Tuesday, December 18, 2012
At this point, it should come as no surprise that consumers can be held to the terms of agreements they enter into by clicking on a box next the words "I agree" on a computer screen or simply by continuing to use services after being provided with notice of the terms. But what if the computer screen belongs to a technician who installs your television and voice communications services? And what if notice of the change in terms to your internet service comes in an e-mail notifying you that you are accepting new terms by continuing to use the service?
In Hancock v. American Telegraph and Telephone Co., Inc., the 10th Circuit held that contracts entered into through such mechanisms are enforceable. The 10th Circuit affirmed a District Court ruling dismissing all of plaintiffs claims based on forum selection and arbitration clauses.
On appeal, plaintiffs argued they did not knowingly accept AT&T's terms, claiming that the registration process to sign up for AT&T's services was complex and confusing and thus deprived them of an opportunity to give meaningful assent to governing terms. Plaintiffs also raised factual issues that they thought should have precluded dismissal. For example, one of the plaintiffs submitted an affidavit claiming that he was never informed of AT&T's terms of service and never agreed to them. When the "I agree" box is on a technician's computer rather than on the consumer's, how do we know who clicked the box? In a footnote, the court found immaterial the distinction between clicking a box on a technician's laptop and one on your own.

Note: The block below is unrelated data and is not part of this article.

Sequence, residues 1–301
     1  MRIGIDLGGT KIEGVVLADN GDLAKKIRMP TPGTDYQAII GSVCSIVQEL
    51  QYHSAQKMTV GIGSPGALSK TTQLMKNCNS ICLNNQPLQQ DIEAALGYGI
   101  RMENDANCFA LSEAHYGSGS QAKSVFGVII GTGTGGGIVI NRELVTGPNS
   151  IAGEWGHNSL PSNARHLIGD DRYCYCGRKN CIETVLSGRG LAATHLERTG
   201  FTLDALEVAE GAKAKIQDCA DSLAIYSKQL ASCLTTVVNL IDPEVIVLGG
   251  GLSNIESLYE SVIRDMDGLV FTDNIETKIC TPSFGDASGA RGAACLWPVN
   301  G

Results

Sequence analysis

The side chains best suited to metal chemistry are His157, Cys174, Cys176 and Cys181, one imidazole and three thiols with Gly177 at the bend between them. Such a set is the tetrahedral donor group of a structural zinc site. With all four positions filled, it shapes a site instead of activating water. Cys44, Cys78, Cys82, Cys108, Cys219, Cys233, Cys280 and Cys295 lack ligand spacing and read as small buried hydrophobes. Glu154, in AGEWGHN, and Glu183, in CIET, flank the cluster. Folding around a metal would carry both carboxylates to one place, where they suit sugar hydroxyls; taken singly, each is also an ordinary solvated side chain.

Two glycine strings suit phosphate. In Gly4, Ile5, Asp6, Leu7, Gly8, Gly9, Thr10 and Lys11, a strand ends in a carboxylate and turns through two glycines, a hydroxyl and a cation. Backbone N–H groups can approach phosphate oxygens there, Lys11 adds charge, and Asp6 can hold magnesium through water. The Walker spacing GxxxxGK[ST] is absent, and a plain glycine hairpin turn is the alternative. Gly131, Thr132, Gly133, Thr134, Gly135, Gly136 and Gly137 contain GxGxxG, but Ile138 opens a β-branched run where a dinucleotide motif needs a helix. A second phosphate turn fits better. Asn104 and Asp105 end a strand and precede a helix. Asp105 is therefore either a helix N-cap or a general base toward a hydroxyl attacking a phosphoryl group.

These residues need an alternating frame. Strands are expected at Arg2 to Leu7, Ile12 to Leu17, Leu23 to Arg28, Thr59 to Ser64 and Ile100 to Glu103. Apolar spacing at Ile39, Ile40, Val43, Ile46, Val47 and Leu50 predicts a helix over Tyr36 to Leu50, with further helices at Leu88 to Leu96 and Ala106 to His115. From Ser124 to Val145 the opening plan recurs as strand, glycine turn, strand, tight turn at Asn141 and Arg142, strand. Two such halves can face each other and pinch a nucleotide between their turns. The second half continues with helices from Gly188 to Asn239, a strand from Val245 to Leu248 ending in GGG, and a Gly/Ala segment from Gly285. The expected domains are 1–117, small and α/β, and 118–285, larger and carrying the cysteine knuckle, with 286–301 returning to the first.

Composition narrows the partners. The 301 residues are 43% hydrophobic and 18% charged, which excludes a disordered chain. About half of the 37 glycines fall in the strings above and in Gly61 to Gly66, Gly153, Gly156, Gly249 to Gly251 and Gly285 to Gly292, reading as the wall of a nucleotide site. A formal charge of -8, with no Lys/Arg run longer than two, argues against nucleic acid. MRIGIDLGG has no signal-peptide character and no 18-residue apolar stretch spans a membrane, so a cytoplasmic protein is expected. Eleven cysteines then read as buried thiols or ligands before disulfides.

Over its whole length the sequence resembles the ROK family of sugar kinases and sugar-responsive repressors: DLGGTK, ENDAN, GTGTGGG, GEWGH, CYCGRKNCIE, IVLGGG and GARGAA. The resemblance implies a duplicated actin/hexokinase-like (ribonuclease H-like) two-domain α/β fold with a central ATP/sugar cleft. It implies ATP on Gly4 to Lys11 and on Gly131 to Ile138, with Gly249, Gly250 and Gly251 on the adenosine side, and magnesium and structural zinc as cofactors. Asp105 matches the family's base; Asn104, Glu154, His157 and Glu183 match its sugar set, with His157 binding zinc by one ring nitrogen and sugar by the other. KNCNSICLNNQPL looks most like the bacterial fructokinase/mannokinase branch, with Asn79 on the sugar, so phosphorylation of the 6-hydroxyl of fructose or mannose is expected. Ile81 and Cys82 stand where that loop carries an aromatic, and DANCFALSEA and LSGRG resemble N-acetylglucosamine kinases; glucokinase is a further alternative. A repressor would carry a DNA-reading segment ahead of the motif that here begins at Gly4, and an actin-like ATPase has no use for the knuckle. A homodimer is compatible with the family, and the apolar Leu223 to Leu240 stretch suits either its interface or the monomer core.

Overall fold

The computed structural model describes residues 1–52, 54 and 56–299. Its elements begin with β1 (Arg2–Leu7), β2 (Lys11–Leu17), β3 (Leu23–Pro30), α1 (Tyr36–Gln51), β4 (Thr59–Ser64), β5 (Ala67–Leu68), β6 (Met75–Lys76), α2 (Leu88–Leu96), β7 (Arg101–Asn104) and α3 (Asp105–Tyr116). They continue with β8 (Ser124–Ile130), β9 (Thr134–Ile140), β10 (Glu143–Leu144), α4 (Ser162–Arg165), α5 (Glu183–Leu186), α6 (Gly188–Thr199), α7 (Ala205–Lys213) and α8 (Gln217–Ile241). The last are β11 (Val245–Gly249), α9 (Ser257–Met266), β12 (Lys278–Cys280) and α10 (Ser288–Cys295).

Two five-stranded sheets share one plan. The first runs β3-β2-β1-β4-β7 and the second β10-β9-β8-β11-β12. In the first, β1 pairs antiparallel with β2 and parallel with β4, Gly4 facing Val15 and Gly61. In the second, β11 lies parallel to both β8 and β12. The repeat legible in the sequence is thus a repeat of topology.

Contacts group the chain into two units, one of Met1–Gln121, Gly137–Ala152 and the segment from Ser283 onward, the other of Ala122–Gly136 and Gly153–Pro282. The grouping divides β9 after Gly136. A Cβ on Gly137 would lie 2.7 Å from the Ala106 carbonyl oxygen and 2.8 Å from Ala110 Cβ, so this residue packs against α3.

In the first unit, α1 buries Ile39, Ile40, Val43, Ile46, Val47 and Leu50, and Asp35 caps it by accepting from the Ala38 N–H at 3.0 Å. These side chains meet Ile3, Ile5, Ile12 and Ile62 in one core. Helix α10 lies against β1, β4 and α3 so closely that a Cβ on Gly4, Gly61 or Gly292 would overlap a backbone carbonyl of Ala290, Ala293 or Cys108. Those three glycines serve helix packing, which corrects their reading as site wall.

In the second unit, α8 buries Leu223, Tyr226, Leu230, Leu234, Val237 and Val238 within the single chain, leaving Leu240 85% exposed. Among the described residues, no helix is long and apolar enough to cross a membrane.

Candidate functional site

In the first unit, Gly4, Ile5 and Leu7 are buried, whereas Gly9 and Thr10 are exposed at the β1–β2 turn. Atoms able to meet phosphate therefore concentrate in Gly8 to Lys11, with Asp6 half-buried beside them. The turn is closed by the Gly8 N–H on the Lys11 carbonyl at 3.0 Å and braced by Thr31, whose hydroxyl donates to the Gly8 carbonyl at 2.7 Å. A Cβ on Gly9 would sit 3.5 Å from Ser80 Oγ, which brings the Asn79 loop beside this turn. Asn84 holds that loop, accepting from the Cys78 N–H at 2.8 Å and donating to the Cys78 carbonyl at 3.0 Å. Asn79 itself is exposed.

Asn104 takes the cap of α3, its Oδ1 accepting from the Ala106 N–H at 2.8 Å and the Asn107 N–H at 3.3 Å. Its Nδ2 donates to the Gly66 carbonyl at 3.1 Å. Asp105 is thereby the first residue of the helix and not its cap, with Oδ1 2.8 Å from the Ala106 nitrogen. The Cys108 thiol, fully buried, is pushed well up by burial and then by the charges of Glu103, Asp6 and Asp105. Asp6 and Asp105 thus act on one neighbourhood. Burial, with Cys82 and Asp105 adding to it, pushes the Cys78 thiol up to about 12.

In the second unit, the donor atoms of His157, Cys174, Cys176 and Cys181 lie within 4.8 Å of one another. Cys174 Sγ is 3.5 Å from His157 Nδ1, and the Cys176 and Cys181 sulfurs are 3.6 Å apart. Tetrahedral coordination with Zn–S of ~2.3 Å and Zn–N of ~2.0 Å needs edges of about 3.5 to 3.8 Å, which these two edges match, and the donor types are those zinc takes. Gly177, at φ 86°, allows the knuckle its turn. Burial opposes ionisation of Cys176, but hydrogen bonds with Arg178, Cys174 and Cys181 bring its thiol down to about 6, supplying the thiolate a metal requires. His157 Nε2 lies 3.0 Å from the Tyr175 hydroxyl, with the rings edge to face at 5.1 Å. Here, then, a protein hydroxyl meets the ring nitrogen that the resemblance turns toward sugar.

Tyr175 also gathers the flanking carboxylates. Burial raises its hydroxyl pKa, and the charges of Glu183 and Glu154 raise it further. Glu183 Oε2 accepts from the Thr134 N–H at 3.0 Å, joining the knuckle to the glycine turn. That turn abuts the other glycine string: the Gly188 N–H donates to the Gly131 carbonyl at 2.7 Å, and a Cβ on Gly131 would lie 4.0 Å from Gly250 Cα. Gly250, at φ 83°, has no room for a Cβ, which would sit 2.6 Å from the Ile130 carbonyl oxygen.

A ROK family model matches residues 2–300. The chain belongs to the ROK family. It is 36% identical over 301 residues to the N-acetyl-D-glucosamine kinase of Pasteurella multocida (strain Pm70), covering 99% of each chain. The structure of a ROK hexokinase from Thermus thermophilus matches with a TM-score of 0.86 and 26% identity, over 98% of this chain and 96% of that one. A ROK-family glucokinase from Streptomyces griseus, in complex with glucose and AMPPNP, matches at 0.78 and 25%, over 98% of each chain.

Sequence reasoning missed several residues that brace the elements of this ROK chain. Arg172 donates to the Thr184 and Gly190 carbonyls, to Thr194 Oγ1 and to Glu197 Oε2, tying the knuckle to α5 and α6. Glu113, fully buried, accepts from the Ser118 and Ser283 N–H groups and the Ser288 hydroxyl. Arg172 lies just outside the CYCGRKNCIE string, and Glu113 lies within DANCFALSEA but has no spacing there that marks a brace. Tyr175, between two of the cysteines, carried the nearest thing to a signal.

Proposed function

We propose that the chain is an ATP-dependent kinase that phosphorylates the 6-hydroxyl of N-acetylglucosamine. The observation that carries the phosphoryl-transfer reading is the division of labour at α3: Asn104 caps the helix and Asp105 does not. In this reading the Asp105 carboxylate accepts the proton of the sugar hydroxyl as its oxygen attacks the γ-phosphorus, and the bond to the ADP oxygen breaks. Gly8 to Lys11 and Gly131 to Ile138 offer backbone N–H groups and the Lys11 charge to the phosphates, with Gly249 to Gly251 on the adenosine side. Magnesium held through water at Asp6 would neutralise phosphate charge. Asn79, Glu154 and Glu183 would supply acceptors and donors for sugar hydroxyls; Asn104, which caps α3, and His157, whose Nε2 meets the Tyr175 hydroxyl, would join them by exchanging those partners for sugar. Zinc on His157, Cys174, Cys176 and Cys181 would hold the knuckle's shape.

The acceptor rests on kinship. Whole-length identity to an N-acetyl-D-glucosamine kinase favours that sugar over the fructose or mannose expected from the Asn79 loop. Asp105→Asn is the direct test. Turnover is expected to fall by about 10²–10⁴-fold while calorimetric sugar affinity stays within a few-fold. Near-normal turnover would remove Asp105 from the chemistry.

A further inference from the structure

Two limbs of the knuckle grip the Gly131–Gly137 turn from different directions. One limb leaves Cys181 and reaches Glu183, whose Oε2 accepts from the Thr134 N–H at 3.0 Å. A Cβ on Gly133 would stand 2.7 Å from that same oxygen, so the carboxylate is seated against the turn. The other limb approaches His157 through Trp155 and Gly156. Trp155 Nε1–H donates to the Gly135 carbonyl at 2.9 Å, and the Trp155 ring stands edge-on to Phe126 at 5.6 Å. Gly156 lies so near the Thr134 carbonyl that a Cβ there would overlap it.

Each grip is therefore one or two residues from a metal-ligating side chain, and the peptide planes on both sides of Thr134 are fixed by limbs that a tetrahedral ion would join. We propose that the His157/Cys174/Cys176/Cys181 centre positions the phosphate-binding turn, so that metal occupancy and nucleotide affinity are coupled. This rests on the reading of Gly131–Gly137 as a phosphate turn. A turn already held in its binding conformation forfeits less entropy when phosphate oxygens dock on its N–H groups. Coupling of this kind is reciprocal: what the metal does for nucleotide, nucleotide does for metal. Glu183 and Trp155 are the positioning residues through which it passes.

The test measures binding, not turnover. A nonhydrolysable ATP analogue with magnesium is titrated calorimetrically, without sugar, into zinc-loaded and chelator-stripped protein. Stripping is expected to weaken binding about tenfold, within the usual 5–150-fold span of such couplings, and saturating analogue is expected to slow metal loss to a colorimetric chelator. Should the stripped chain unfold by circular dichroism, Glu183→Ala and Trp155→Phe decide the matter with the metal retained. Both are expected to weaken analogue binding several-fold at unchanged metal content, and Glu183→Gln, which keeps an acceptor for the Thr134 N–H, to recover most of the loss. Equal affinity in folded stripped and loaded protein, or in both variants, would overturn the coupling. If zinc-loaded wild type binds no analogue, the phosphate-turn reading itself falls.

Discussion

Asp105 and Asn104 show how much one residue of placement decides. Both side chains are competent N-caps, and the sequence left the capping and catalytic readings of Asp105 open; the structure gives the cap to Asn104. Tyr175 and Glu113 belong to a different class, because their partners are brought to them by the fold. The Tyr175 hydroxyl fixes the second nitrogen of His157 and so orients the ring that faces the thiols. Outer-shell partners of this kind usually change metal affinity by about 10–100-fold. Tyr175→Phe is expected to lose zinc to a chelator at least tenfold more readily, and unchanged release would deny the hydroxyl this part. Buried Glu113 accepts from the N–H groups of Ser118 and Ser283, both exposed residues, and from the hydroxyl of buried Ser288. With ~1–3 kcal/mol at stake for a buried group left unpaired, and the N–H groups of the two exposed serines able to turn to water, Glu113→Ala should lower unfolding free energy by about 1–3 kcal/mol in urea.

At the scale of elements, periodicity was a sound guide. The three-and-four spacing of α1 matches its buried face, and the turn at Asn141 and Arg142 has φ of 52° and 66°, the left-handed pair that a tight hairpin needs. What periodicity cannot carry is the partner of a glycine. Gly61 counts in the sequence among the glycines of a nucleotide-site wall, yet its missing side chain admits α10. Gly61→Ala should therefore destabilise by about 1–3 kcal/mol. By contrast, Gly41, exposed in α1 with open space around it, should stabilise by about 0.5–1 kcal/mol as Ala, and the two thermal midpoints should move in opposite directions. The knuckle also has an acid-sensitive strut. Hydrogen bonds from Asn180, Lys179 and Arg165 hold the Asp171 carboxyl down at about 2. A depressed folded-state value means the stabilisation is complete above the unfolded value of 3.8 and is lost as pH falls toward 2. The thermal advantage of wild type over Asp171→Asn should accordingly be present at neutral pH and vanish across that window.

As to plaintiffs' arguments about the obscurity of the registration process, their best case was Specht v. Netscape Commc’ns Corp., 306 F.3d 17 (2d Cir. 2002), in which the court struck down terms that were hidden because the consumer would have had to scroll down a screen in order to find them. But the Tenth Circuit distinguished this case from Specht and found that AT&T's terms were not hidden. In order to register for AT&T's internet services, consumers must first acknowledge that they have read and agreed to AT&T's terms, and a technician may not install television and voice services until the consumer has acknowledged receipt of AT&T's terms.
Based on declarations providing information of AT&T's standard practices, the Tenth Circuit found that the District Court had not erred in resolving factual disputes in AT&T's favor.